Hockey mom Christie Casciano Burns is a columnist for USA Hockey Magazine and has a new book out this week, My Kids Play Hockey, available on Target.comWalmart.comBarnes and Noble stores and

Wednesday, August 15, 2018

Christie Casciano Takes The Stress Out Of Being A Hockey Mom

Christie Casciano Takes The Stress Out Of Being A Hockey Mom: For many families in the area, back to school also means back to sports for kids. Rigorous schedules of all kinds can mean more stress for parents, but News Channel 9 Anchor and 'My Kids Play Hockey' Author Christie Casciano says it doesn't have to be.

Thursday, April 19, 2018

Humboldt Strong

My 16 year old hockey player needed to write an essay for school today. Here it is.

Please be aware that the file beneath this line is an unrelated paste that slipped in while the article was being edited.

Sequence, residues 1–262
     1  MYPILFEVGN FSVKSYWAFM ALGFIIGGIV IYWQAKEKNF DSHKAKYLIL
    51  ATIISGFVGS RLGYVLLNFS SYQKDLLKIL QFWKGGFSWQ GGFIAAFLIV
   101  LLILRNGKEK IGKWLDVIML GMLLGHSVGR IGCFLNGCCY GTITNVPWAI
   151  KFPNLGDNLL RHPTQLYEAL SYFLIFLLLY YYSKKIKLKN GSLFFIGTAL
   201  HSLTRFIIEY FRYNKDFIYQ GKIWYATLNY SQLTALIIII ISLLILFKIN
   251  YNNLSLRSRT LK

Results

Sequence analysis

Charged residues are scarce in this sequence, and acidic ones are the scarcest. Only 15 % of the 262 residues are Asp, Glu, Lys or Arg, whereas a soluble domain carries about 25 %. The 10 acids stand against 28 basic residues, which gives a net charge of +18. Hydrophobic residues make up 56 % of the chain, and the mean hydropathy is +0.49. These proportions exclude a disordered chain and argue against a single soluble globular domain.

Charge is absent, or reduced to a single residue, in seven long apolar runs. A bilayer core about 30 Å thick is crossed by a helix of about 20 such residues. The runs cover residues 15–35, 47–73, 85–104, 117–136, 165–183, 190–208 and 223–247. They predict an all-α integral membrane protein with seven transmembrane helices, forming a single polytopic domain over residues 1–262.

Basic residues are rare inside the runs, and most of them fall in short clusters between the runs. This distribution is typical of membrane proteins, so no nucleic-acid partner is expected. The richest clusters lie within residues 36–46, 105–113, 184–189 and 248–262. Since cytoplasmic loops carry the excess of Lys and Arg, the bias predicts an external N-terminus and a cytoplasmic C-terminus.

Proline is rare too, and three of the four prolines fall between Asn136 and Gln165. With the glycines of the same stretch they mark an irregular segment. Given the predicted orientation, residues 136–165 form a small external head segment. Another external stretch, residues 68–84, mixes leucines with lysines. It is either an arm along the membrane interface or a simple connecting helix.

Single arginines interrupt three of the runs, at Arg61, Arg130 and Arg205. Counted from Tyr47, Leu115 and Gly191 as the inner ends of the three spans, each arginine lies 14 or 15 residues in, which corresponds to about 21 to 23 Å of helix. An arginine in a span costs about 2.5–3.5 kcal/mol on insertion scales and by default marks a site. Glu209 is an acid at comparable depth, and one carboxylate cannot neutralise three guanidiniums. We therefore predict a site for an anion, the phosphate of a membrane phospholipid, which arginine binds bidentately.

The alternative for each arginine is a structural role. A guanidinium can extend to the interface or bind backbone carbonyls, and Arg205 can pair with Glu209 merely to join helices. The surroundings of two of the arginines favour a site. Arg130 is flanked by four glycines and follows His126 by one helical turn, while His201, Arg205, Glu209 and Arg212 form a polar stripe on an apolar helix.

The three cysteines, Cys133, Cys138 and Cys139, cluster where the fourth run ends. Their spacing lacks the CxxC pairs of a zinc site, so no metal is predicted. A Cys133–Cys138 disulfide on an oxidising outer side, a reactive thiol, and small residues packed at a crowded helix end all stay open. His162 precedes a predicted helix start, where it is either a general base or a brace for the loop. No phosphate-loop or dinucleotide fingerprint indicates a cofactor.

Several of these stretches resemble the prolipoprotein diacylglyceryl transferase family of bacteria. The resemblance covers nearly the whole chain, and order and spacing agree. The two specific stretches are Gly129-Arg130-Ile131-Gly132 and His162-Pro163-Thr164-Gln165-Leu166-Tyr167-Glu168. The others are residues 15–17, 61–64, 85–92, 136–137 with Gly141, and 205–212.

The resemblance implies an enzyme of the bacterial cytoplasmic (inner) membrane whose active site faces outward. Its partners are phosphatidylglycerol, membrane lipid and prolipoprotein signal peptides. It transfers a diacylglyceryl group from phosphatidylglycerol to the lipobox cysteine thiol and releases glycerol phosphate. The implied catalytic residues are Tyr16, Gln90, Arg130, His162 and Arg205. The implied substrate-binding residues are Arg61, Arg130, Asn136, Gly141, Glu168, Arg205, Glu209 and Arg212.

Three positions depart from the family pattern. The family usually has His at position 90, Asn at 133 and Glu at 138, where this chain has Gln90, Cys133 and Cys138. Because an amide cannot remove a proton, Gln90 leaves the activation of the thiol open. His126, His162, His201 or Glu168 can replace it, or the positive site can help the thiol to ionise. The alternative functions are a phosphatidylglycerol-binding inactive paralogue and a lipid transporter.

Humboldt Strong

by Sophia Burns

On April 6, 2018 tragedy struck and my heart shattered when I learned of a
Canadian junior hockey team involved in a fatal bus crash. 17 lives were lost and
13 were injured. It hit close to home.

Every year when winter rolls around, and it's time for my favorite sports
season, I get on a coach bus with 18 of my best friends for our travel games.

Blasting music, watching movies like Miracle on Ice, Slapshot, and Mighty Ducks,
long naps and messing with the first teammate to fall fast asleep.

Getting on the bus after a tough loss, that seemingly only brings us closer together
as we ride in silence, knowing we gave it our all.

The sweetest of victories against rivals, where we are singing Sweet Caroline at the
top of our lungs, as our coach shields his ears during our
terrible high-pitched off- key singing.

The rides back on Sunday nights from the long weekend trips in which we all
scramble to get the homework assignments finished, helping each other out